COMPANY NEWS Austrian tunnel group emerges from crisis13 Mar 2013
Peter Kenyon, TunnelTalk
Troubled construction group Alpine, parent company of wholly owned subsidiary BeMo Tunnelling, is expected to finalise within days a "restructuring agreement" that will secure its future as one of Europe's leading civil contractors.
Company spokesman Johannes Gfrerer told TunnelTalk: "Alpine will still be active in the tunnelling business in future. Underground construction is definitely considered a core business and in Alpine BeMo Tunnelling the Group has a company with an excellent international reputation."
Beleagured Alpine appointed a Chief Restructuring Officer, Josef Schultheis, in November last year (2012), to manage the growing financial crisis which was threatenening to break Austria's second largest construction company. By February 28, the date a previously negotiated "standstill agreement" between Alpine and its creditor banks expired, Alpine had secured support for its restructuring plans from most of the creditor banks but the necessary loan agreement from the Austrian Government's Ministry of Finance had not been finalised.
Now, following what Alpine called "talks of maximum intensity," the Ministry has agreed to guarantee those loans.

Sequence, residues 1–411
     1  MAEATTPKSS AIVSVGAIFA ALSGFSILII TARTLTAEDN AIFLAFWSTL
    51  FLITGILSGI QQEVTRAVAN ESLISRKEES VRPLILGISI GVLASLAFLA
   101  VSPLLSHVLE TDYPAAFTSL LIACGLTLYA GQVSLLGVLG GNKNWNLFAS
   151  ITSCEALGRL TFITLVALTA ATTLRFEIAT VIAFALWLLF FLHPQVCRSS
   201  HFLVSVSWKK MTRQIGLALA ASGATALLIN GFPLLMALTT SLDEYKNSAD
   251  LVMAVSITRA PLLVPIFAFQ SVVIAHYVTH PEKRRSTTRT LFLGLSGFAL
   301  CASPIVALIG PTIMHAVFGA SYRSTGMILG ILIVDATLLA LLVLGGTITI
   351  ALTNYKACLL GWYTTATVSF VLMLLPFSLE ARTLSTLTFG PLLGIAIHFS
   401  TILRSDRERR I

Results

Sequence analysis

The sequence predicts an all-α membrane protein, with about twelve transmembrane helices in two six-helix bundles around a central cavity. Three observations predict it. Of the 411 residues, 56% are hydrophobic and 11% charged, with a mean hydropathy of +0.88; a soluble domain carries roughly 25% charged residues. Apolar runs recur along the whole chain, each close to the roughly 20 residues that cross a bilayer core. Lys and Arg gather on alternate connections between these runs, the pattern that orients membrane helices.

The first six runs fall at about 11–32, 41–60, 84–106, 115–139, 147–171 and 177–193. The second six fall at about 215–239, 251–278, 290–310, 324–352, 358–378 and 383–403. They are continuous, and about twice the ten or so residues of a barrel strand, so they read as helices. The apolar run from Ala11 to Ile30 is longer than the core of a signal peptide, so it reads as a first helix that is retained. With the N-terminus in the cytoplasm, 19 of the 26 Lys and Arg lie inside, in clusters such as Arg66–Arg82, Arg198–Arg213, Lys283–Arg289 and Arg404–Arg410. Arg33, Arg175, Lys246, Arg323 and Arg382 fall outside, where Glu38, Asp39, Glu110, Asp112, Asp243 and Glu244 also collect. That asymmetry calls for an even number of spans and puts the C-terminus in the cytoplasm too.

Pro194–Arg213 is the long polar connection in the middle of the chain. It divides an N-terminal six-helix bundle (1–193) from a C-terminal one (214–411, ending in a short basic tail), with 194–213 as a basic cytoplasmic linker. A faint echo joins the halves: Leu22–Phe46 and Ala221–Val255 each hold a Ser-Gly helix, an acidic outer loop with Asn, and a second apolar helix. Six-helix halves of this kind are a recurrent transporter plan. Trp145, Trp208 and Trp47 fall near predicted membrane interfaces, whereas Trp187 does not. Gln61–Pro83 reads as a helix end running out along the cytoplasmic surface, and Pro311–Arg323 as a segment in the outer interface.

Alpine has tunnel projects around the world
The agreement ends several months of uncertainty, and is a reward for extensive negotiations between Alpine, its sole owner FCC Constrruccion of Spain, and Erste Bank and UniCredit Bank of Austria. As part of the deal FCC injected more cash into the company, the banks waived some of their claims, and Alpine has begun the process of raising cash by selling off some of its subsidiary companies, including Alpine-Energie and Hazet.
The company, which employs about 15,000 people worldwide, is also to focus on its core markets in Austria, Germany and the Czech Republic and abandon its projects in south and eastern Europe.
An Alpine spokesman said: "The general tone of the financing partners is that the restructuring concept makes economic sense and insolvency should be avoided. The concept envisages getting Alpine back in the black and enabling the long-term continuity of the company."
Alpine is currently involved in a number of underground projects (Fig 1) including Singapore's Down Town Line and tunnels for Germany's Stuttgart-21 project. It is involved in construction of the new Kaiser Wilhem tunnel, and it is part of the JV that will excavate the Whitechapel and Liverpool Street Station tunnels under Crossrail contract C510. The company was famously lead partner in the SAHEC joint venture that completed the world's record 25.4km distance heading for a single TBM as part of China's massive Yellow River Project.
Josef Schultheis (left) and new CEO Arnold Schiefer
In the first half of 2012 Alpine reported in its interim report a net loss of €1.47 million on sales of €1.43 billion. Civil engineering makes up nearly half of the business, with the Austrian and German markets accounting for nearly two-thirds of all activity.